In Greek mythology, Laomedon (//; Ancient Greek: Λαομέδων) was a Trojan king, son of Ilus, nephew of Ganymede and Assaracus, and father of Priam, Astyoche, Lampus, Hicetaon, Clytius, Cilla, Proclia, Aethilla, Medesicaste, Clytodora, and Hesione. Tithonus is also described by most sources as Laomedon's eldest legitimate son; and most sources omit Ganymedes from the list of Laomedon's children, but indicate him as his uncle instead. Laomedon's possible wives are Placia, Strymo (or Rhoeo) and Leucippe; by the former he begot Tithonus and by the latter King Priam (see John Tzetzes' Scholia in Lycophronem 18 («ὁ μὲν γὰρ Πρίαμος ἦν Λευκίππης, ὁ δὲ Τιθωνὸς Ῥοιοῦς ἢ Στρυμοῦς τῆς Σκαμάνδρου θυγατρὸς υἱός»: "Priamus was the son of Leucippe, whereas Tithonus was the son of Rhoeo or Strymo, the daughter of Scamander")). He also had a son named Bucolion by the nymph Calybe, as recounted by Homer in the Iliad (6.22). Dictys Cretensis (4.22) added Thymoetes to the list of Laomedon's children.
Laomedon owned several horses with divine parentage that Zeus had given Tros (Laomedon's grandfather) as compensation for the kidnapping of Ganymedes. Anchises secretly bred his own mares from these horses.
According to one story, Laomedon's son, Ganymedes, was kidnapped by Zeus, who had fallen in love with the beautiful boy. Laomedon grieved for his son. Sympathetic, Zeus sent Hermes with two horses so swift they could run over water. Hermes also assured Laomedon that Ganymedes was immortal and would be the cupbearer for the gods, a position of much distinction. However, Ganymedes is more usually described as a son of Tros, an earlier King of Troy and grandfather of Laomedon. Laomedon himself was son of Ilus, son of Tros.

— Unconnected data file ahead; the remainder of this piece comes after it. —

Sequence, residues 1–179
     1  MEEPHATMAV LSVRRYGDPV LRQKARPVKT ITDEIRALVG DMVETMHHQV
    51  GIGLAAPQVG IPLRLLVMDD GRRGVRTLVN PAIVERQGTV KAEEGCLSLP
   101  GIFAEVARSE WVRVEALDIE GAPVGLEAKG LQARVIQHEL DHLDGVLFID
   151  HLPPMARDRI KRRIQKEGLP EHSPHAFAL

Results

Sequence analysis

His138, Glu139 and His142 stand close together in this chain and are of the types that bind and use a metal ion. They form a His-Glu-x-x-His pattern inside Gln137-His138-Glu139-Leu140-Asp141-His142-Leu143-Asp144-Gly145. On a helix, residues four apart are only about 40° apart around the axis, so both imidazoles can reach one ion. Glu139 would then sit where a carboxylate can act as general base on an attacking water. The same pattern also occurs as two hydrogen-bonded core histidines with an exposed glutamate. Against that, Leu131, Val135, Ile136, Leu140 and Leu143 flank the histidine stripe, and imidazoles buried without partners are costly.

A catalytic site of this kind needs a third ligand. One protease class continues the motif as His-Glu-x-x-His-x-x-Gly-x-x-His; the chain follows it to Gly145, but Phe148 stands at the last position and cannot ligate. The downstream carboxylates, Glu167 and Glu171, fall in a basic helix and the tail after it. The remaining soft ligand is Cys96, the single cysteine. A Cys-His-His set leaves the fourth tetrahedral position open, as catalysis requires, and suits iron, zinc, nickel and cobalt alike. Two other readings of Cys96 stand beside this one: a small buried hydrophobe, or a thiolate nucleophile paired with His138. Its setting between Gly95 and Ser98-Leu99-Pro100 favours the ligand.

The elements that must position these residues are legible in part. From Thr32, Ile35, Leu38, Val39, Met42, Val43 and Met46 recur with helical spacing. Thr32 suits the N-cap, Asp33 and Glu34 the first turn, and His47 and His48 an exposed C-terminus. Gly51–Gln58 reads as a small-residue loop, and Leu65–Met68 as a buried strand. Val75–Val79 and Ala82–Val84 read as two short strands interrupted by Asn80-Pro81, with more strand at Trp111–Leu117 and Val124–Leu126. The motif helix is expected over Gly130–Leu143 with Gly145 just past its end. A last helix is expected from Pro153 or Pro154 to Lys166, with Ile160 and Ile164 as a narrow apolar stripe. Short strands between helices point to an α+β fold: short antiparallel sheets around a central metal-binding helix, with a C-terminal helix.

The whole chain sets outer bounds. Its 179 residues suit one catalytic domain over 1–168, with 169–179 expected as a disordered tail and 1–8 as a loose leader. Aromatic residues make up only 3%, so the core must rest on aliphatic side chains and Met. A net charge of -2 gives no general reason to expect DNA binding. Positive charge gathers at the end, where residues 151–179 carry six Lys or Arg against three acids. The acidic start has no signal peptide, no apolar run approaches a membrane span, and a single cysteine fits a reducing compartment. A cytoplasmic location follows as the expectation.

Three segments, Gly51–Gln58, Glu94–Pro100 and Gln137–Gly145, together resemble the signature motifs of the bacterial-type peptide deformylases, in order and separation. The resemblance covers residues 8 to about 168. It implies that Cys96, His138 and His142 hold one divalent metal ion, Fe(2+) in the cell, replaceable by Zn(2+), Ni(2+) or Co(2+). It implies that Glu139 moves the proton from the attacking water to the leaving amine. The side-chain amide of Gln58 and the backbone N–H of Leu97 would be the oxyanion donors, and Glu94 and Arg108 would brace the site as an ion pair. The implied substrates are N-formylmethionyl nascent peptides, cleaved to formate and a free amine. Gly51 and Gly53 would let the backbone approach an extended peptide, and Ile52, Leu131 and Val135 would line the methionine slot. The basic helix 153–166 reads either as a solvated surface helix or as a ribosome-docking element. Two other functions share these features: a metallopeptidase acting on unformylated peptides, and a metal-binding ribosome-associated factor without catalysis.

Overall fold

Poseidon and Apollo, having offended Zeus, were sent to serve King Laomedon. He had them build huge walls around the city and promised to reward them well, a promise he then refused to fulfill. In vengeance, before the Trojan War, Poseidon sent a sea monster to attack Troy and Apollo sent a pestilence.
Laomedon planned on sacrificing his daughter Hesione to Poseidon in the hope of appeasing him. Heracles (along with Oicles and Telamon) rescued her at the last minute and killed the monster. Laomedon had promised them the magic horses as a reward for their deeds, but when he broke his word, Heracles and his allies took vengeance by putting Troy to siege, killing Laomedon and all his sons save Podarces, who saved his own life by giving Heracles a golden veil Hesione had made (and therefore was afterwards called Priam, from priamai 'to buy'). Telamon took Hesione as a war prize and married her; they had a son called Teucer.
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- Apollodorus and Hyginus p. 63
- Apollodorus and Hyginus p. 34
- Apollodorus and Hyginus pp. 38–39
- Apollodorus and Hyginus (2007) Apollodorus' Library and Hyginus' Fabulae: Two Handbooks of Greek Mythology. Trans. R. Scott Smith and Stephen Trzaskoma. Indianapolis: Hackett Pub. ISBN 1603843272.